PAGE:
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Altrok Showcase w/ Sean Carolan

CD of The Week

Week of 3/27/23

    Depeche Mode - Memento Mori (Columbia)

    Grief fuels art, there is no doubt, and the untimely death of Depeche Mode co-founder Andrew Fletcher permeates the overall feel of their 15th album Memento Mori. However, Mode's usual, and unusual, takes on the themes of love, sex, anxiety, and addiction stand alongside this newer topic of mortality, as Dave Gahan and Martin Gore ease into their early 60s. In the trio (founding members Vince Clarke and Alan Wilder left in '82 and '95, respectively), Fletch politely stayed in the background, happy to let Gore and Gahan share the spotlights. But he also served as a peacemaker, of sorts, always there to temper the creative differences between the other two. It would have been easy to assume that the death of Fletch would also be the death of Mode. What happened instead was a strengthening of the now duo's friendship and collaborative approach. While Gore still served as the primary songwriter, Richard Butler of The Psychedelic Furs co-wrote four of these 12 new songs and Gahan spearheaded three.

    Memento Mori is easily one of their best outings since 1997's Ultra. Instantly familiar, yet notably matured, this album will definitely be most admired by long-time fans. It's hard to tell if they'll recruit a new generation of devotees or not, but perhaps that's not the point. Lead single "Ghosts Again" tackles the previously mentioned subject of mortality without insulting the listener; rather it serves up a blissful earworm of a groove destined for future greatest hits compilations. Influences of Kraftwerk have appeared throughout Mode's 40+ years as a synth-pop band, but never as forgivably obvious as on "People Are Good," possibly a companion piece to another similarly titled song. "Never Let Me Go" echoes yet another gem from the past, this time focusing on capitalizing the time we have left: "There's only so much time/We have to play with/To waste it is a crime/We have so much to give." Literally an age-old message.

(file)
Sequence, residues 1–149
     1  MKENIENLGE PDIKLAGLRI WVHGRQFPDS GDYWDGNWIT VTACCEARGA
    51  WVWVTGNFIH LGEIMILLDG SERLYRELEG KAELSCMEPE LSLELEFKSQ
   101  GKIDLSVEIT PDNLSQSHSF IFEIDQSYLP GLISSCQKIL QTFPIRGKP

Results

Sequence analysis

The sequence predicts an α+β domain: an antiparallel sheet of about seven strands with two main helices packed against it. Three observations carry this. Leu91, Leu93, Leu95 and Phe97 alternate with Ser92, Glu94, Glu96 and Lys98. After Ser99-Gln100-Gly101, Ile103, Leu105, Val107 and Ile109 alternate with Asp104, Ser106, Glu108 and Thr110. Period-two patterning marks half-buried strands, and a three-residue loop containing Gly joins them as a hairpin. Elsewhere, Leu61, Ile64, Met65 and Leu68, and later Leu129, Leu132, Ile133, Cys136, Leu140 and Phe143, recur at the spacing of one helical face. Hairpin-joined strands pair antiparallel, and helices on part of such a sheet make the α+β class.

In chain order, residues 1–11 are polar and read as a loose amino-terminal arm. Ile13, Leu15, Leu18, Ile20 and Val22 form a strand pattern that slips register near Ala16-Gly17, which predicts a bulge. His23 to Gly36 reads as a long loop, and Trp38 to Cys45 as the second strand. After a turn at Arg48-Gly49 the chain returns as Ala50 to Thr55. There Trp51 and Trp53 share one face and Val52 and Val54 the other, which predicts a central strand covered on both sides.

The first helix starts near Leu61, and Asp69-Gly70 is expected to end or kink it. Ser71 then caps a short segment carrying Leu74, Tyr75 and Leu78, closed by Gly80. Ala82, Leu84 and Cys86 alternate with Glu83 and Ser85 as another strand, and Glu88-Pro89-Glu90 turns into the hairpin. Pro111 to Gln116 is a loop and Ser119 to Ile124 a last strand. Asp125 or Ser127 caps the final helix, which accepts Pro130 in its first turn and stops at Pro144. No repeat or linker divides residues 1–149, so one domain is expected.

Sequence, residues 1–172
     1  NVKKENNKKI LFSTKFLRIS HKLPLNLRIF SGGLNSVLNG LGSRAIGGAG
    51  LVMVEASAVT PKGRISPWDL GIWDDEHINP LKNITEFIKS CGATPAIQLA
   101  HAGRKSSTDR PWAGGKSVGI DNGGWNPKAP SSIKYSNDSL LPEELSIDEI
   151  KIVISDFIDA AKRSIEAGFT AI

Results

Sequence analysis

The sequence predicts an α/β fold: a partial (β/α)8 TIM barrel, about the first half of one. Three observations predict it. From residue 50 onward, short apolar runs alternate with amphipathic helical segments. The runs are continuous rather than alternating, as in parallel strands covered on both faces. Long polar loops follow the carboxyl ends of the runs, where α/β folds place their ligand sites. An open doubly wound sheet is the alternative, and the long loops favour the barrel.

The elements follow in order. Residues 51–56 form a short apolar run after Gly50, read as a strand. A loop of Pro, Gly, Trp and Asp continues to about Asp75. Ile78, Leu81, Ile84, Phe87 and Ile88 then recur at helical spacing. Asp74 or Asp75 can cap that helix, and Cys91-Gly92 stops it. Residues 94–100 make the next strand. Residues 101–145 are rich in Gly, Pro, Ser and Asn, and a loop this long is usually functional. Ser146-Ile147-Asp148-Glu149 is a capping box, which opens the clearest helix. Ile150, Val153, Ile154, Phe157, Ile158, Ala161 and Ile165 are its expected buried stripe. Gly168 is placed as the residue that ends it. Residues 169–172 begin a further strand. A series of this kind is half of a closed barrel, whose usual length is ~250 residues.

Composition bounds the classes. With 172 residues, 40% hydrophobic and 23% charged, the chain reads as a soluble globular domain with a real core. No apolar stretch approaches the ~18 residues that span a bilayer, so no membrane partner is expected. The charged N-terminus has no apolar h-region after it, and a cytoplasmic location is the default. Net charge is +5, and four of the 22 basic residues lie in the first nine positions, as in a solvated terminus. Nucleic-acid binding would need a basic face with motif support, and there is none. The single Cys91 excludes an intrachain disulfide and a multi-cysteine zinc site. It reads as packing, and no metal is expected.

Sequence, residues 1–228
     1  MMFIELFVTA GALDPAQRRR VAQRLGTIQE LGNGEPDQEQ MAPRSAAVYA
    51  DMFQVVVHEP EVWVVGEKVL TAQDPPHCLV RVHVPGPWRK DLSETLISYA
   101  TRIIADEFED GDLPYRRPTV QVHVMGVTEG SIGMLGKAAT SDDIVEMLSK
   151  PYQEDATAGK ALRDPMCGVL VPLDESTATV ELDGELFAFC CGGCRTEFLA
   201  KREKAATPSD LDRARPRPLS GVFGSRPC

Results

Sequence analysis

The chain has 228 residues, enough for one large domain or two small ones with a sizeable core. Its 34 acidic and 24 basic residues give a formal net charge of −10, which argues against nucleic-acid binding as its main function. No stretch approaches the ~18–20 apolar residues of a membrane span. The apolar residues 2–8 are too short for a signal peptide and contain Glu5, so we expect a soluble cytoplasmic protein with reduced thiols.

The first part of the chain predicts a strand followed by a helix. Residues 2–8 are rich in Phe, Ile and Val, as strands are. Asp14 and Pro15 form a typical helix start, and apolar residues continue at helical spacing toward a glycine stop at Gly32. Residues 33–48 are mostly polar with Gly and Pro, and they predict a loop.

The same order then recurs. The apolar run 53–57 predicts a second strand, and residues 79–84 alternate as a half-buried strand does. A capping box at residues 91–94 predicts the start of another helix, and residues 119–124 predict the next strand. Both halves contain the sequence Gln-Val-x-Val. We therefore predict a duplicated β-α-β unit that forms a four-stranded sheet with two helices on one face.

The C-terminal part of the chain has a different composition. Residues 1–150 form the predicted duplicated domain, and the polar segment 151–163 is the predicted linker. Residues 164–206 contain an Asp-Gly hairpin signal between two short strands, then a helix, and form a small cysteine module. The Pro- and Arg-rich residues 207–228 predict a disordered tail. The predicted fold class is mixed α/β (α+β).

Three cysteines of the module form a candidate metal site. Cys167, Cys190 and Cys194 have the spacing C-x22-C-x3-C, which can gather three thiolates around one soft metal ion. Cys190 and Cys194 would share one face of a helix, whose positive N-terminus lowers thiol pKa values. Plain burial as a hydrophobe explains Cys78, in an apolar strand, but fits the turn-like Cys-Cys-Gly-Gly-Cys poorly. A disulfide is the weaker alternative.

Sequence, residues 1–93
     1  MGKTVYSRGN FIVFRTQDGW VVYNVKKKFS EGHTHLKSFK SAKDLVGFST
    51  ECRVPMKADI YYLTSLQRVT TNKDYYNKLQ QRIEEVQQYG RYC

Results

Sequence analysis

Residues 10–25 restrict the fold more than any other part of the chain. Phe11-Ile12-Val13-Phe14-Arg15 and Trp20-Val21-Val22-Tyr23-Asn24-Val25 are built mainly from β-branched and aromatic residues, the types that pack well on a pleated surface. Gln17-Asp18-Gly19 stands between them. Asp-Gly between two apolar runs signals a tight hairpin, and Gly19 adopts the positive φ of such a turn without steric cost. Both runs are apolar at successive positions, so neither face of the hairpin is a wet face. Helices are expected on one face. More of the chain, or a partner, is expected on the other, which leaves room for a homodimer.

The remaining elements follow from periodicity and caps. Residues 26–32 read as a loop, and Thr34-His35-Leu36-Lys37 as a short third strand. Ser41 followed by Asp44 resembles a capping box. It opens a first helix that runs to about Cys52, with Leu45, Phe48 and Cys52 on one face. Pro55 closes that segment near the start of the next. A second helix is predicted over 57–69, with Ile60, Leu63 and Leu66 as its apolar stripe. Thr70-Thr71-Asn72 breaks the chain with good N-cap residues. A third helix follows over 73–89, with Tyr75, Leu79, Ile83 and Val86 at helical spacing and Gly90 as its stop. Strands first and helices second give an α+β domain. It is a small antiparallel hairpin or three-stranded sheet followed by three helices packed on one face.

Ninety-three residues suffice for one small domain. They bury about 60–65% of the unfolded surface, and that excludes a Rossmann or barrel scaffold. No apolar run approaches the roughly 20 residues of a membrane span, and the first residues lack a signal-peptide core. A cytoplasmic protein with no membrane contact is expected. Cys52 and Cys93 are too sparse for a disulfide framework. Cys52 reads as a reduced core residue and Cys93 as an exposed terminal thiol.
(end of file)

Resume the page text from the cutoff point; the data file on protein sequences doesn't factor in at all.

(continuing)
Gahan's voice is as strong and soulful as ever and on his self-penned track, "Before We Drown," it's especially haunting: "First we stand up, then we fall down/We have to move forward, before we drown." The requisite lone Gore-sung track "Soul With Me" gorgeously combines gospel and goth as Martin croons "I'm ready for the final pages/Kiss goodbye to all my earthly cages/I'm climbing up the golden stairs." "Wagging Tongue," the only track actually co-written by the duo, harkens back to Black Celebration, and is a striking send-off to Fletch as they "Watch another angel die."

    While most of the album, co-produced by James Ford (Arctic Monkeys, Foals) and Marta Salogni (Bjork, Romy), is full of slick, warm, and danceable electro-pop, it's bookended with two darker ethereal tracks. "My Cosmos Is Mine" kicks off with fuzzed drum programming, creaking strings and guitars, and Gahan's droning vocals, all sounding like a snippet from something akin to the Stranger Things soundtrack. Album closer "Speak To Me" is another Gahan-written tune that caps off the album with a melancholic and sparse lament to reliving and relieving pain: "I will disappoint you, I will let you down, I need to know, You're here with me... I'm listening, I'm here now, I'm found." As the song, and album, fade off into the distance, one recognizes that this is not the end, but a lead-in to a hopeful future of Mode music full of evocative meditations on life, spirituality, and friendship.

    Review by Dave Lindquist

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